Employment Numbers Are A Driving Market Statistic
Twelve times a year the financial markets sit on the edge of their seats waiting for the release of the Non-Farm Payroll data. Stock prices can soar or sink, politicians can claim success or suffer negative headlines and in theory, businesses just might alter future business plans based on what they are seeing.
Earlier this month I asked if we live in a seasonally adjusted world:
What other aspects of our life are seasonally adjusted when we are given the data? Not many if any at all. You would not shop for a vehicle using seasonally adjusted pricing. Nor would you dress properly for winter with a seasonally adjusted forecast.
Magnitude of the Adjustments
Watching Fox Business News or CNBC and watching the guests discuss their estimates for the Non-Farm Payroll number, never did I imagine the magnitude of the adjustments being made. For example, if the estimates ranged from 175k to 250k, I thought the Seasonal adjustment might be 40-50,000. Not the magnitude I found. Let’s have a look:(remember that the Seasonally adjusted data released is the real number plus( or minus) the numbers for the month listed below):
Seasonal Adjustments Leave False Impressions
Looking at just how large the adjustments are for each month is puzzling. Take a look at the average January adjustment listed :3,050,000. In reality, the economy could actually shrink by 2,000,000 jobs and the BLS will report that we added 1,050,000 jobs for the month of January. Does that make sense to you?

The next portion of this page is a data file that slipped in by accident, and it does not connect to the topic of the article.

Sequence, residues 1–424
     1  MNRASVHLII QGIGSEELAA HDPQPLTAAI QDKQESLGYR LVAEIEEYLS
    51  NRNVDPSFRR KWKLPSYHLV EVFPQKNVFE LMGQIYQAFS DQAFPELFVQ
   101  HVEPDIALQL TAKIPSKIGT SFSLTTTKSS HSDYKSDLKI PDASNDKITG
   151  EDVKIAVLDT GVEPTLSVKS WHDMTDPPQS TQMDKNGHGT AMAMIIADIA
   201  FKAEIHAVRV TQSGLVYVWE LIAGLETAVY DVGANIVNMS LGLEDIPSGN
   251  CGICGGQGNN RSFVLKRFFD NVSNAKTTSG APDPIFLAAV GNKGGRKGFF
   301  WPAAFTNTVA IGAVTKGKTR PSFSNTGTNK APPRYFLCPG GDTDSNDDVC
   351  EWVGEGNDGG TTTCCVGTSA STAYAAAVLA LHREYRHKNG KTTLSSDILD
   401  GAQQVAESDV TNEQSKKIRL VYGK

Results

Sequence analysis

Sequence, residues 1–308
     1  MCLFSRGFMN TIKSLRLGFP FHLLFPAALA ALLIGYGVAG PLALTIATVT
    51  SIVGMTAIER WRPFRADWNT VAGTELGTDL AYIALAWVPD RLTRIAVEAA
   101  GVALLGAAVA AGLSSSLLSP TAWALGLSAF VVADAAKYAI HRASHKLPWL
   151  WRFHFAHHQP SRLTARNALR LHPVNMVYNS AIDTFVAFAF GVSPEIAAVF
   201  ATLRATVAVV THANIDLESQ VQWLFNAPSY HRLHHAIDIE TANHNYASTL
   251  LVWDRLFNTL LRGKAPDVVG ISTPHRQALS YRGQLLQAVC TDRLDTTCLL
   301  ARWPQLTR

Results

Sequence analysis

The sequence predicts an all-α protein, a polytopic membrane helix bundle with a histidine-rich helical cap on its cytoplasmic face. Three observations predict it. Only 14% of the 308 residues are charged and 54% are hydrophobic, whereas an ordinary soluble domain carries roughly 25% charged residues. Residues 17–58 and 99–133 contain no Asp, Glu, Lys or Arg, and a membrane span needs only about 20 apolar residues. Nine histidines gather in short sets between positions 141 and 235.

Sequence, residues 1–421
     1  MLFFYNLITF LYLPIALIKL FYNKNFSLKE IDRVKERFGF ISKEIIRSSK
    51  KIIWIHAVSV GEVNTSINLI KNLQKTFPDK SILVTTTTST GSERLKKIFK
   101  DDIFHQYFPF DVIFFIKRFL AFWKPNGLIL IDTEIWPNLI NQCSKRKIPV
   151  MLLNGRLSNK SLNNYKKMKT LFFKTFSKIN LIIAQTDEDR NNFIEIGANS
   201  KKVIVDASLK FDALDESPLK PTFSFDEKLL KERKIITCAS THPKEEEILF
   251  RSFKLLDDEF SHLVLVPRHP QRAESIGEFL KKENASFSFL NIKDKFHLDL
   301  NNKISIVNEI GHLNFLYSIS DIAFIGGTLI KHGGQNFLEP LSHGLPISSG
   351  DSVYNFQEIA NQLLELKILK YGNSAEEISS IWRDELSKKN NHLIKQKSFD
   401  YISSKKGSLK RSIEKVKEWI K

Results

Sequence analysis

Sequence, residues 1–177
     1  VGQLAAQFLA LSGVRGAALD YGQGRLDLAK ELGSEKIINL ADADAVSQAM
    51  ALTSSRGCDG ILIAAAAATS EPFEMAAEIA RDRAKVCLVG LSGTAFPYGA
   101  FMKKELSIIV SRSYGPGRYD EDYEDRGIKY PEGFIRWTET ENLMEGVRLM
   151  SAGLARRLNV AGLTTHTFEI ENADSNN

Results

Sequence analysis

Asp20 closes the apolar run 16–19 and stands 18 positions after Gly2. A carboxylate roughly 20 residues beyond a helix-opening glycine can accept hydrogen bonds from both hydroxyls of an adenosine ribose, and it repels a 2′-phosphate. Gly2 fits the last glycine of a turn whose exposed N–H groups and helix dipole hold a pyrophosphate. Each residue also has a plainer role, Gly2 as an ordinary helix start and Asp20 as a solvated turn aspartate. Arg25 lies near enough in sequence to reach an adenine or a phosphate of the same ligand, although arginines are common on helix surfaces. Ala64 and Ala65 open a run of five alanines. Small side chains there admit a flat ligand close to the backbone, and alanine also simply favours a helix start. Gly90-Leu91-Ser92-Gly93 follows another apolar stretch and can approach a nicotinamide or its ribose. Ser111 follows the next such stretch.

It makes no sense to be because what is reported and what is actually happening is not the same.
How do businesses make solid decisions on what is happening and what they should be doing to take advantage of the data if the data does not reflect the real world?
Is the American public too stupid to understand that lots of jobs are lost in January as the temporary Christmas jobs are terminated? Or do the seasonal adjustments mislead the Public because it is so easy to seasonally adjust giving people the perception of a more level and consistent economic environment?
What’s the Solution?
Because of the disconnect between Seasonally Adjusted Data and reality, I suggest we reduce the reliance on such misleading data. And to dump your investments in one sector and buy in another because of a blockbuster jobs number that is more a work of fiction than fact is likely a mistake.
But those that are profiting from this are those that make money when you buy and sell. They like this volatility created by the data because it causes knee-jerk reactions across the financial spectrum.
An obviously fictionalized number depicting economic activity that is anything but accurate is no way to manage your portfolio.
And that is the Naked Truth.